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Yet again our dogs? raided a nest and we now have two newborns in a shoebox on a heating pad. The only success I've had in the past was putting with a domestic mother who reared it with her own. No such luck, I don't have any does with newborns this time.

I'll do my best, but there's little hope. Can anyone suggest what I might use to introduce milk? The best I can think of is the corner tip of a shammy-type cloth dipped in milk.

tx
 

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Syringe?
 

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yeah even one of this rubber bulb syringes could work I think... and I agree with the goats milk...
Check me, please, but I seem to remember that wild rabbits only get fed about once per 24 hours, so the milk is incredibly energy-high. If that's the case, don't be afraid to juice it up with some added sugar, and cream or olive oil. Just make sure they don't get scours from it.
 

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Do not use olive oil. Olives are not native to the US and wild rabbits are not equipped to handle it. Also, much to our dismay we recently discovered that olive oil is toxic to domestic rabbits.

I've heard goats milk with corn syrup is good to use. Don't use a plunger syringe, you have too little control over the drops. Eye droppers and medicine droppers are okay to use. Pet bottles work but are really expensive and are harder to clean.
 

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I successfully raised two wild kits last summer. Please google baby rabbit care, you will find a wealth of information.

Keep the kits in a very quiet, dark area. I kept mine in a large plastic tub filled with hay, gave them a little bowl of water, and then bottle fed them. The little tiny kitten size bottles at Tractor Supply work greats and I only used KMR brand of milk replacer, it was the only one that was recommended for kits. It needs to be pretty warm or the kit won't drink it though. You will know if your kits are getting enough if they have a full tummy...skinny kits mean they aren't getting enough.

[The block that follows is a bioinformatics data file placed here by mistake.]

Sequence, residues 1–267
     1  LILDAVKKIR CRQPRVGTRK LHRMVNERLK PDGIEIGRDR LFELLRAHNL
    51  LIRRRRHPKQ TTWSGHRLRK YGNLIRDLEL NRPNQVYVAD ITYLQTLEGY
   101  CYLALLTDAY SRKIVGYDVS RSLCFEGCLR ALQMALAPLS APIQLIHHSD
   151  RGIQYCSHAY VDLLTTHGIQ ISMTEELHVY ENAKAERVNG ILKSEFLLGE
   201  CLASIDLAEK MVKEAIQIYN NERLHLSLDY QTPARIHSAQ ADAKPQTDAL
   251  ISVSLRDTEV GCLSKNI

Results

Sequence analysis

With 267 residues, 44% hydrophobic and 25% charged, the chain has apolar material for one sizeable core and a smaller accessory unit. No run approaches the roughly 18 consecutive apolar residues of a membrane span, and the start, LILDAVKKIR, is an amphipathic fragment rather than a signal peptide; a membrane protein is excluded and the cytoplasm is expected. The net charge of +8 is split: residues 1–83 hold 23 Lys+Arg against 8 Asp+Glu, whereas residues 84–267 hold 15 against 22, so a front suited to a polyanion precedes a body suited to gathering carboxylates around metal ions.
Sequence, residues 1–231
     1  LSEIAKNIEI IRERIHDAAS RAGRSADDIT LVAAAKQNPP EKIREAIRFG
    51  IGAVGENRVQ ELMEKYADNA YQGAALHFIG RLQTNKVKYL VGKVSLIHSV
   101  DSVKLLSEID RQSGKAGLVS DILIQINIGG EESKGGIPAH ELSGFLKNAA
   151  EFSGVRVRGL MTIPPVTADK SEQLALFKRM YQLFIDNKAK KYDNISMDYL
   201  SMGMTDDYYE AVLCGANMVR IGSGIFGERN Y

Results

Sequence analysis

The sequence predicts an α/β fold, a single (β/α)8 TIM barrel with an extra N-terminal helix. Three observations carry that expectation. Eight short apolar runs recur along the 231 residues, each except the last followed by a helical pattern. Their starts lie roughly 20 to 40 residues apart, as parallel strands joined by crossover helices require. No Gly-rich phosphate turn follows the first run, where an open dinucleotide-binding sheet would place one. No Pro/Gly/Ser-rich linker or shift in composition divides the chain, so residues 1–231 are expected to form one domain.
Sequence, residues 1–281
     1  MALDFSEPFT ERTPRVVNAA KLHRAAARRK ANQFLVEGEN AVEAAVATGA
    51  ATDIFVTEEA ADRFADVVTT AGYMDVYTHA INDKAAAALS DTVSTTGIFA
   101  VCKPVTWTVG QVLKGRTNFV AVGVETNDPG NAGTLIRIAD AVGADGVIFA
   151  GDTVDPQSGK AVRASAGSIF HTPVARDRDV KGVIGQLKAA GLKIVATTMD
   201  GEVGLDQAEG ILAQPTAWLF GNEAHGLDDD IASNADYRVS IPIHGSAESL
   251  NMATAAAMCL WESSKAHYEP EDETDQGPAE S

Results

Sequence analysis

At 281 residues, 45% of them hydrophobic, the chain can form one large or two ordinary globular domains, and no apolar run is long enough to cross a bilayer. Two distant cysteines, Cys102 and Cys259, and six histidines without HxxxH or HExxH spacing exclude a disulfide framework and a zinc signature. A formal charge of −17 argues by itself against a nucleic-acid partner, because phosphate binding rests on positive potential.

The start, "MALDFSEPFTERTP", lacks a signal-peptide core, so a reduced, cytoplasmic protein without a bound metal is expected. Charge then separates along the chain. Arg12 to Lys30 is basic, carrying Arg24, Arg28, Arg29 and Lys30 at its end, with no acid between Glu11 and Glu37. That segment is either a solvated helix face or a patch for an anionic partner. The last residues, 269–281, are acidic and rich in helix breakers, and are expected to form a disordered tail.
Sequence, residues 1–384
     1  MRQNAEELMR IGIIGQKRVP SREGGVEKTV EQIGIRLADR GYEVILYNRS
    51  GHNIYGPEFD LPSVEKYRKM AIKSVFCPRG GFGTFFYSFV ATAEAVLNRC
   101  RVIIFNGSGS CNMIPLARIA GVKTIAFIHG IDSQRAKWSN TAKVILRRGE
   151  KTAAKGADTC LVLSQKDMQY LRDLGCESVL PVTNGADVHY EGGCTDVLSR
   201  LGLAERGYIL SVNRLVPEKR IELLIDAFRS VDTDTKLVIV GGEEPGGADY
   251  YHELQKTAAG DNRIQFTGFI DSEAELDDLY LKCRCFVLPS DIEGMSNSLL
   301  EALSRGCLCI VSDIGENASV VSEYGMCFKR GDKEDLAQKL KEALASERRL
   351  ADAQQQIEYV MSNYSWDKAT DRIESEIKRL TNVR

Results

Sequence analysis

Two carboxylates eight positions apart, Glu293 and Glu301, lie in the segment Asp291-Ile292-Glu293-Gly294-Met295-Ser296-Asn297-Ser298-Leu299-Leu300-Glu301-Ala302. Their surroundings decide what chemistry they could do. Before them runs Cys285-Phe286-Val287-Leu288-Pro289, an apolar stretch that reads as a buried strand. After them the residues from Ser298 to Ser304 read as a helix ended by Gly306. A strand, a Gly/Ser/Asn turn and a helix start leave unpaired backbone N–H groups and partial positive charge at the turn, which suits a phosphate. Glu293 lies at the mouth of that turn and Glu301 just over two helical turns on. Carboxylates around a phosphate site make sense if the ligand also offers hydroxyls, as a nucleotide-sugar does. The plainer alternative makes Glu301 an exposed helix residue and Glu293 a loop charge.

Here is a good guide for you:
GENERAL FEEDING OF ORPHANED RABBITS Age + Amount (This WILL vary depending on type of rabbit.) Use KMR (Kitten Milk Replacer). Add a pinch of acidophilus (AKA Probiotic capsules) to all formula to promote healthy gut flora. Other formulas vary depending on the region of the country.

Newborn to One Week: 2 - 2+1/2 cc/ml each feeding (2 feedings daily).
1-2 weeks: 5-7 cc/ml each feeding (2 feedings daily).
(depending on bunny..may be much LESS if smaller rabbit).
2-3 weeks: 7-13 cc/ml each feeding (2 feedings daily). Bunnies whose eyes are still CLOSED need to be stimulated to urinate and defecate before or after each feeding. Again, seek a professional on this. Domestic eyes open at about 10 days of age. Then start introducing them to timothy and oat hay, pellets and water (always add fresh greens for wild ones--dandelion greens, parsley, carrot tops, grated carrots, all fresh, watered down). See below for detail.
3-6 weeks: 13-15 cc/ml each feeding (two feedings--again, may be LESS depending on size of rabbit! A cottontail will take so much LESS--about half of this! .)

Good luck! Do not handle them except to feed them. Keep the container they are on closed at all times with air holes to vent. No animals around them at all. No kids. No petting or cuddling, these are wild animals and you can not keep them!! If they are white tail bunnies it is illegal to keep them, so when they are old enough release them back into the area you found them.
 
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